Home > Irish drug abusers I: their social background.

Carr, AJ and Hart, Ian and Kelly, Michael G (1980) Irish drug abusers I: their social background. Irish Medical Journal, 73, (12), pp. 453-457.

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This article, the first in a series of three, examined the social backgrounds of a cohort of 100 drug abusers. All three papers reported on a research project organised by the Economic and Social Research Institute in conjunction with the Jervis Street Drug Advisory and Treatment Centre. All subjects included in the investigation had attended the drug advisory and treatment centre for the first time between November 1977 and February 1979.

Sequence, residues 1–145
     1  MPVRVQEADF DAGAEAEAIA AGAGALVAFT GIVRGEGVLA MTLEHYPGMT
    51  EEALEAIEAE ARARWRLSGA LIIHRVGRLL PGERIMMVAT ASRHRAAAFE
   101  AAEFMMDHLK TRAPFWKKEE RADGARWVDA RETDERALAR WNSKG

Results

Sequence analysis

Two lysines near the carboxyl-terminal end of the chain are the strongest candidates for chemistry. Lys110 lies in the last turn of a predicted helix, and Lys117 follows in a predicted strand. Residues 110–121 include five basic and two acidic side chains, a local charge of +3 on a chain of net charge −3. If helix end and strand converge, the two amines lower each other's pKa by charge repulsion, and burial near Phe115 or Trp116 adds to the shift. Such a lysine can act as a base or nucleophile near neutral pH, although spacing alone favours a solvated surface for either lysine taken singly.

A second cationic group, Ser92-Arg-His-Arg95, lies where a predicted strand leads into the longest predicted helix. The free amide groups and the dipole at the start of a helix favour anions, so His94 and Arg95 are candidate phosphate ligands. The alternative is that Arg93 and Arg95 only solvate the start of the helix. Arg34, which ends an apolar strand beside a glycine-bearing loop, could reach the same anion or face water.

Drug abusers were defined as individuals who, as a result of taking psychoactive drugs, had suffered medical, psychological or social complications. Data about their backgrounds were collected using a detailed interview schedule, which examined demographic, familial, educational, occupational, legal and drug abusive history. The cohort predominantly comprised single males, was over-representative of the lower middle class, and the majority were under 26 years of age. Those identified as 'drug abusers' were found to be more likely to come from families of above average size, with a high level of familial problems, and the majority were found to have left school at 16 years of age. A high level of unemployment was noted among the subjects, and in a large number of cases, the researchers suggested, drug misuse may have been a contributing factor to the stunting of educational or vocational development. A high level of non-drug-related, non-violent criminal behaviour prior to drug abuse was also noted, with a significant increase in the number of non-drug-related non-violent convictions subsequent to beginning to misuse drugs.

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